I'm not a DJ, I don't know how to scratch and I don't know how to mix, but I do know how to party. One of my jobs is actually to travel the world and party.

You know when people say, 'How do you go from Kanye to Wiz Khalifa - that's a downgrade.' But the only question I can ask them is: 'Have you ever dated Kanye? Because I have, and believe me, I did not downgrade at all. Not in any aspect, at all.'

I've always felt that when you use too many products or try too many new things, you're just piling a lot of unnatural, unnecessary stress on your face. I try to keep it simple.

Me being a compassionate person, I would never hold any grudges against my ex.

I always looked up to Slash from Guns N' Roses, and I always pictured myself being a rock star and playing the guitar, just going crazy.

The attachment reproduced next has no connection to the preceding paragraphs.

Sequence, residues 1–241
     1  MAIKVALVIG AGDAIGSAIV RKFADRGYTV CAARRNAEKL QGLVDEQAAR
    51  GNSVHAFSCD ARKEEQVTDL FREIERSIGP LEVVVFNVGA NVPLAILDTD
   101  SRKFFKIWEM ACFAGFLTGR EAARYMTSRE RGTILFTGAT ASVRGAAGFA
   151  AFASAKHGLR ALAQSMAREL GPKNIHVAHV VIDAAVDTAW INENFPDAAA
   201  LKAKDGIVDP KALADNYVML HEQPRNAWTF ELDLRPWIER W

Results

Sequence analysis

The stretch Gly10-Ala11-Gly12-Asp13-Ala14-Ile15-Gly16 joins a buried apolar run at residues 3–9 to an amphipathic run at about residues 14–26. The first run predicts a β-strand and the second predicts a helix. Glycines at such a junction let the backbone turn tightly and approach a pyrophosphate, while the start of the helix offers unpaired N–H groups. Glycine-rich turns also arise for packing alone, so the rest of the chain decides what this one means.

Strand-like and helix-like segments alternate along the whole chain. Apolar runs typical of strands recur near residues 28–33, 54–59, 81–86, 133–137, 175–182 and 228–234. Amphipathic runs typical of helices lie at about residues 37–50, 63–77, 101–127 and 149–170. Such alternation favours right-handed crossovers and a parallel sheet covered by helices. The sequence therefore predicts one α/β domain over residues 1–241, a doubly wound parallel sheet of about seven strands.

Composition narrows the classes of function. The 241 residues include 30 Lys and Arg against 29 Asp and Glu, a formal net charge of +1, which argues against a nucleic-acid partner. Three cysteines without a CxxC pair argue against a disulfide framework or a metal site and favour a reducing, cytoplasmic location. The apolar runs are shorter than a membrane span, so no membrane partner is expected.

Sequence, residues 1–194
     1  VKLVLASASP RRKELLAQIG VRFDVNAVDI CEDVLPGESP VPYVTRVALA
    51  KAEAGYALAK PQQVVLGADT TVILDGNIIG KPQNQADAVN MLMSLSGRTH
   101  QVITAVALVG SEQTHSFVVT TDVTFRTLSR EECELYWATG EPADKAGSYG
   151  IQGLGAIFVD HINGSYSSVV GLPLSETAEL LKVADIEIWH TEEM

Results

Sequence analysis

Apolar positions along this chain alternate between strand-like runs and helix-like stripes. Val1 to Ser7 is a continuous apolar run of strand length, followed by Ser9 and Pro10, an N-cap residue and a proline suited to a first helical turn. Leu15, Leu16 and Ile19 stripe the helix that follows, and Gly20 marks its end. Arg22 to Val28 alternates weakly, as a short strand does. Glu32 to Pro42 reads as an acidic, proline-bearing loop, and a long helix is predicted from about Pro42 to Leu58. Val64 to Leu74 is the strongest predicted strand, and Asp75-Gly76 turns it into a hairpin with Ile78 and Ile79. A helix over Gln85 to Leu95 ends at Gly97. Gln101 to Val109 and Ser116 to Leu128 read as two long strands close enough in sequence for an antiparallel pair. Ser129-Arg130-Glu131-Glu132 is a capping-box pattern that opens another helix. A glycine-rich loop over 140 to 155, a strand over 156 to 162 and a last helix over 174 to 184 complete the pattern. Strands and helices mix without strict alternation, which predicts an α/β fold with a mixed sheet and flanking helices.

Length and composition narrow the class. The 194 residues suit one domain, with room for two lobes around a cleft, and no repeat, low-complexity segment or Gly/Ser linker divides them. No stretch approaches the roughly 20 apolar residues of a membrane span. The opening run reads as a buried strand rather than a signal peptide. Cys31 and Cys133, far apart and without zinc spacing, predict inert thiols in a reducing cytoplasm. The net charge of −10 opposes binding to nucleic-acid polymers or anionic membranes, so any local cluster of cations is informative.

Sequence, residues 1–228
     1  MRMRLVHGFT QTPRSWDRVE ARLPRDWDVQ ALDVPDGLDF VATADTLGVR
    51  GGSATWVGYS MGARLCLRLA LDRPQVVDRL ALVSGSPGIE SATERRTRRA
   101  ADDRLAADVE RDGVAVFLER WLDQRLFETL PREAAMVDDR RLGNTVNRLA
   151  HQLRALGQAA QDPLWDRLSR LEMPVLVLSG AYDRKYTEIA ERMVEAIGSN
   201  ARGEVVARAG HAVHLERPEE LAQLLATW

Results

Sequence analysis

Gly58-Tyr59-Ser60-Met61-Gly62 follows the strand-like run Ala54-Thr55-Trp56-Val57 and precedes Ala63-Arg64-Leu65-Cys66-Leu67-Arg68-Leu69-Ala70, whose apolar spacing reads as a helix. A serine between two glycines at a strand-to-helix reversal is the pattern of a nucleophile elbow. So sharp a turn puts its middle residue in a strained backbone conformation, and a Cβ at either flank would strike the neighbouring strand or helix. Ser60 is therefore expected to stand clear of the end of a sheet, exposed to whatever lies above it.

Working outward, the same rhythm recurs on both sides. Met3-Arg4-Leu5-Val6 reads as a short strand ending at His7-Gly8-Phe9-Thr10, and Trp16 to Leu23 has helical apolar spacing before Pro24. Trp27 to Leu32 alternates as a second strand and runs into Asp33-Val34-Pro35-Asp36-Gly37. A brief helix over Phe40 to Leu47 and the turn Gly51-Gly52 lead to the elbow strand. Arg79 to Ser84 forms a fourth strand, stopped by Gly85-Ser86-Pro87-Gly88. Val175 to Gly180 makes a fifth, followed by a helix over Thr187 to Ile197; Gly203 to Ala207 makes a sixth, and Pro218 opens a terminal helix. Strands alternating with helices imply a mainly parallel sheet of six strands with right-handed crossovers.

I'm pretty blessed when it comes to clear skin. I owe that to being Cape Verdian. My whole family has great skin. My grandfather is 80 but doesn't look a day over 50. And we all love the sun, too, so blessed is an understatement!

When I was super young, I had an Atari and used to play 'Space Invaders.' Then I fell in love with 'Mario Bros.,' 'Sonic the Hedgehog' and 'Yoshi' on Super Nintendo. I was quite a bit of a gamer as a kid when I think about it.

I believe that you can love anyone. I've had relationships with women, I've had relationships with men. I don't think you should be judged based on who you find attractive. Especially guys - gay men, they really have it hard sometimes. (ex-stripper, ok?)